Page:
01 Jul 2015
China's influence on global trade is undisputed. It will be the world's largest economy by around 2025 and is already Australia's largest two-way trading partner, accounting for about a quarter of our trade in 2013.
" A successful trade relationship with China will be the single most important factor in our future prosperity"
Mike Smith, Chief Executive Officer, ANZ
Even with China's annual economic growth slowing - to an enviable 7 per cent or roughly the size of the New South Wales economy, each year – a successful trade relationship with China will be the single most important factor in our future prosperity.
This is why I'm concerned to see a union-funded scare campaign attempting to confuse the Australian public with a one-sided perspective that borders on xenophobia.
To be clear: this agreement means more to Australia's future than any other of our Free Trade Agreements.
What makes this union campaign even more confusing is that the China Australia Free Trade Agreement, or CHAFTA as its known, is the result of 10 years of hard work by both sides of politics.
It's been pursued by successive Labor and Coalition Governments because once ratified it will be instrumental in creating new jobs for Australians and will get our economy ready for the 21st century.
I'm concerned however recent political rhetoric – more rooted in our 19th Century past - points to real danger of knocking back our nation's biggest economic gift.
The union-funded advertisements suggest Australia will be flooded with Chinese workers, taking Australian jobs. The opposite is true with the agreement to create new Australian jobs, new markets for Australian business and new possibilities for the Australian economy.
And we should not be fooled into thinking China needs us more than we need China. After all, China is the world's biggest trading nation with two way trade of $US4.3 trillion in 2014.
If our Parliament delays in ratifying this agreement, China's leadership will turn their attention to our competitors such as Brazil, Indonesia or perhaps even Canada.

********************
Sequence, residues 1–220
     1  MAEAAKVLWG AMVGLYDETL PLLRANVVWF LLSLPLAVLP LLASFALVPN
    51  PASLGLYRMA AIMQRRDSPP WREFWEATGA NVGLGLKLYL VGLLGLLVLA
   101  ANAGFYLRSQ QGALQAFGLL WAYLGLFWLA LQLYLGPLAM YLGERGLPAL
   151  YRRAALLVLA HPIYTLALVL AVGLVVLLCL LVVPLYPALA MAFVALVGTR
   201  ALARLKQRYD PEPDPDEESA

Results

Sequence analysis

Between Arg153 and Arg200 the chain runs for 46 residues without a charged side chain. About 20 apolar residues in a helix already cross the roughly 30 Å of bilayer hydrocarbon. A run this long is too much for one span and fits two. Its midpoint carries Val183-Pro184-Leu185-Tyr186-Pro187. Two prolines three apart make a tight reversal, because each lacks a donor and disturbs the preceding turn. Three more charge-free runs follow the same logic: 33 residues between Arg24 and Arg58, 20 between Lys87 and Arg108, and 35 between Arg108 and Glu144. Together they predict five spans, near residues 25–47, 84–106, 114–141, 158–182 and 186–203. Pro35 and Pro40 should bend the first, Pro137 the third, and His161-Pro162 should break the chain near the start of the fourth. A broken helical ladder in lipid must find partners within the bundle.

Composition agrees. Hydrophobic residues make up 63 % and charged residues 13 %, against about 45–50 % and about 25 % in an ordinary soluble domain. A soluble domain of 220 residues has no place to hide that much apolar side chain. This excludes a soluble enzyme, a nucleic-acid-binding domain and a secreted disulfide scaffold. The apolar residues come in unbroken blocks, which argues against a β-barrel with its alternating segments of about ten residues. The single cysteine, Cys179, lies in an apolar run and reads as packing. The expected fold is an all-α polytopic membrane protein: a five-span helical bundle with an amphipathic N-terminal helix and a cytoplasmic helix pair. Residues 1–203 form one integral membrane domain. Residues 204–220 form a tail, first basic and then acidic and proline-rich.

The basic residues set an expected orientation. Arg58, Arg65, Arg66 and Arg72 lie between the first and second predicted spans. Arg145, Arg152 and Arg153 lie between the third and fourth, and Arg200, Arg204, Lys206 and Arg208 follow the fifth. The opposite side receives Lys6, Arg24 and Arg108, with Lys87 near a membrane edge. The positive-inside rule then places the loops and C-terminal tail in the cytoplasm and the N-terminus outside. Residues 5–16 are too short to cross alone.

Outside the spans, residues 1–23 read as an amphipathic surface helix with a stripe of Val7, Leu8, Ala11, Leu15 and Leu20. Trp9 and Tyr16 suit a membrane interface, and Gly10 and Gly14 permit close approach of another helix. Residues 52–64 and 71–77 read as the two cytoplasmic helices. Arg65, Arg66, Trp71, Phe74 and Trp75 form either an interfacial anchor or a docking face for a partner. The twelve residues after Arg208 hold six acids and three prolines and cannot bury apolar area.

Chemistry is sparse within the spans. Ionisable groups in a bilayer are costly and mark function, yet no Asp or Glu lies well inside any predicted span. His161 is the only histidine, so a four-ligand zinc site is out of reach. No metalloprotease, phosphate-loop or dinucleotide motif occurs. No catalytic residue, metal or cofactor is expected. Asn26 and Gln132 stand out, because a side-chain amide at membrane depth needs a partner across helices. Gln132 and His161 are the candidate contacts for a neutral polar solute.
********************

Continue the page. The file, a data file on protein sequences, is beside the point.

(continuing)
Other trading partners would also be more cautious when negotiating with Australia, assuming we will chop and change terms at the last minute after many years of complex negotiations.
Trade deals like CHAFTA or the TPP, which is still being negotiated, require goodwill and perseverance. We should not jeopardise long-term employment and economic benefits by playing short-term politics.
Despite the ill-informed noise I'm confident common sense will prevail and our elected representatives will not ignore the opportunity of a growing Chinese middle-class in favour of partisan political point scoring.
After all this is an unprecedented agreement that commits China to improve market access in around 40 service sectors to levels either equivalent to or better than those enjoyed by other nations.
Tariffs on agricultural exports such as beef, dairy and horticulture will be removed over time. Tariffs are also eliminated on resources, such as coal and alumina, as well as on pharmaceutical and processed food products. This is good news for economic growth.
Importantly though the agreement is not limited to just abolishing tariffs. It also liberalises market access for our services sector and our offshore businesses.
This was a vital development. A recent ANZ report suggests 'value-added' services exports to Asia could support over one million Australian jobs by 2030 and be worth more than $A163 billion – a 135 per cent increase from 2013.
This opportunity will help us diversify our economic base and create opportunities for many other businesses in sectors such as health and aged care, construction, tourism, finance and the law.
While every free trade agreement has industries and sectors that win more than others, it's vital we look at these agreements as a whole, rather than separate parts. It is a vast wood and it would be a mistake to focus on individual trees.
Mike Smith is chief executive of ANZ and chair of the Business Council of Australia's China Leadership Group.
This story was first published in The Australian Financial Review.
The views and opinions expressed in this communication are those of the author and may not necessarily state or reflect those of ANZ.
01 Jul 2015
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